Film Review: The HouseProof that 'The House' doesn't always win.
A couple of desperate, super-square parents embrace their inner badass in The House, turning a friend's abode into a full-service casino to raise around 500 grand in a few weeks. Sound unlikely? You don't know the half of it. Having penned two surprisingly funny parents-gone-wild hits with writing partner Brendan O'Brien (Neighbors and its sequel), Andrew Jay Cohen makes his directing debut with this variation on the theme. But the third time is anything but charmed for this luckless effort, which is unlikely to return even close to what producers expected when they teamed Will Ferrell and Amy Poehler with the successful screenwriters.
It's telling that Warner Bros. is sneaking this release out sans critics' screenings despite its well-liked stars: This House will likely collapse under its word-of-mouth burden.
Where Neighbors stars Rose Byrne and Seth Rogen played new parents, comically unsure they were equipped to care for a newborn, Poehler and Ferrell's Kate and Scott Johansen are old hands, the kind of sweet dorks who believe they're their daughter's best friends and may actually be right. Much in the picture's first half-hour puts one in mind not of the earlier films' rite-of-passage friction but of "Why isn't this funny?" star vehicles about middle-aged misbehavior like 2010's Date Night. It might help, this time around, if we believed an ounce of the setup.
The couple's daughter Alex (Ryan Simpkins) is about to graduate high school and has been accepted by her first-choice university. But her upstanding parents, with their large and comfortable home, appear not to have even thought about tuition during her youth. They're breezing along, expecting her to get a full scholarship, and they're right—until they aren't: The village of Fox Meadow traditionally sends one of its young grads off to college for free, and Alex is chosen to be that girl. But a weasely councilman (Nick Kroll) decides those funds would be better spent on a town pool, and the scholarship is canceled. Cue some less-funny-than-sad scenes in which Scott and Kate beg for raises, loans and new jobs to no avail.
While we're chuckling about the state of America's middle class, the couple's friend Frank (Jason Mantzoukas)—enjoying his own comic value as a gambling- and porn-addicted burnout whose wife has left him—has a brainstorm: The three should transform his emptied-out house into an underground casino, inviting bored neighbors over and milking them for a few hundred grand. (He even installs five wall safes, explaining exactly how much each holds, so we can track their progress toward their goals.)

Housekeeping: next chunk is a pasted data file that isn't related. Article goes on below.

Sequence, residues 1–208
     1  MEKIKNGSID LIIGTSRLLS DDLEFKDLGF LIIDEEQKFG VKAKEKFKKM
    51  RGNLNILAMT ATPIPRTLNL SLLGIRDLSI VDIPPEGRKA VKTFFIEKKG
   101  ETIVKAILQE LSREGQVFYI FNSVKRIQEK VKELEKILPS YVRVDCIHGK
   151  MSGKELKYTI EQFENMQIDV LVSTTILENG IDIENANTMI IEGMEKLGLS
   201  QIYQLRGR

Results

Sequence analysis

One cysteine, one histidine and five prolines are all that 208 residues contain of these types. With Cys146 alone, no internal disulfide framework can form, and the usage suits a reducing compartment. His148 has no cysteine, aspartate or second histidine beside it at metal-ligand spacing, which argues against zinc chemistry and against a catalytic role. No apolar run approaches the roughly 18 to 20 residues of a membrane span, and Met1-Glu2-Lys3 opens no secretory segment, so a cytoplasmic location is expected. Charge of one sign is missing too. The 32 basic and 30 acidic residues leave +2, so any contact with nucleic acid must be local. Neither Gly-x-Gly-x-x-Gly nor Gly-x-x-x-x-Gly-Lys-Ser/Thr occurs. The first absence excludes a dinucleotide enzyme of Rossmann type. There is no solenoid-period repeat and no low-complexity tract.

Early on it's revealed that Scott is a disaster with numbers, breaking out in a sweat when asked to add and easily mistaking thousands for millions. It's best at this point for viewers to temporarily embrace that innumeracy, because anyone who cares even a tiny bit about math will find the rest of this plot too absurd to contemplate. Unless Fox Meadow is home to quite a few Google stockholders, and Frank's home is much bigger than it seems, the scale of money-making and spending we're about to witness simply does not compute.
Set it aside. More problematic is that the film arguably gets to its midpoint before eliciting a single laugh. As they realize how much cash they're raking in, the three buddies start looking to Casino for lifestyle tips. Kate rediscovers her love of weed; Frank acquires a get-my-life-back swagger; Scott... well, Scott looks like Will Ferrell was given five minutes and told, "Be a cool gangster, make something up."
Scott accidentally becomes The Butcher, an enforcer collecting what gamblers owe the three partners. And while some moments of out-of-proportion violence will get viewers laughing (the best of them involves a much-abused Jeremy Renner, in a cameo as an honest-to-goodness mobster), the more clichéd bits of gangsta attitude accompanying them (think a way-watered-down version of Office Space's fax-smashing scene) may harsh the buzz.
At this stage, it's fruitless to complain that the plot developments that ruin all this fun make absolutely no sense in law-enforcement terms, and that our heroes' solution to their dilemma is stupider still. Better, perhaps, just to note that, at a couple of points in the film, a viewer might imagine this scenario playing out with teenagers at the wheel, kids running a gambling operation under their parents' noses in the spirit of Risky Business and trying to pay for the college educations those grownups can't give them. As very funny people are running around onscreen doing very unfunny things, it's hard not to be distracted imagining how much better that other movie might be.
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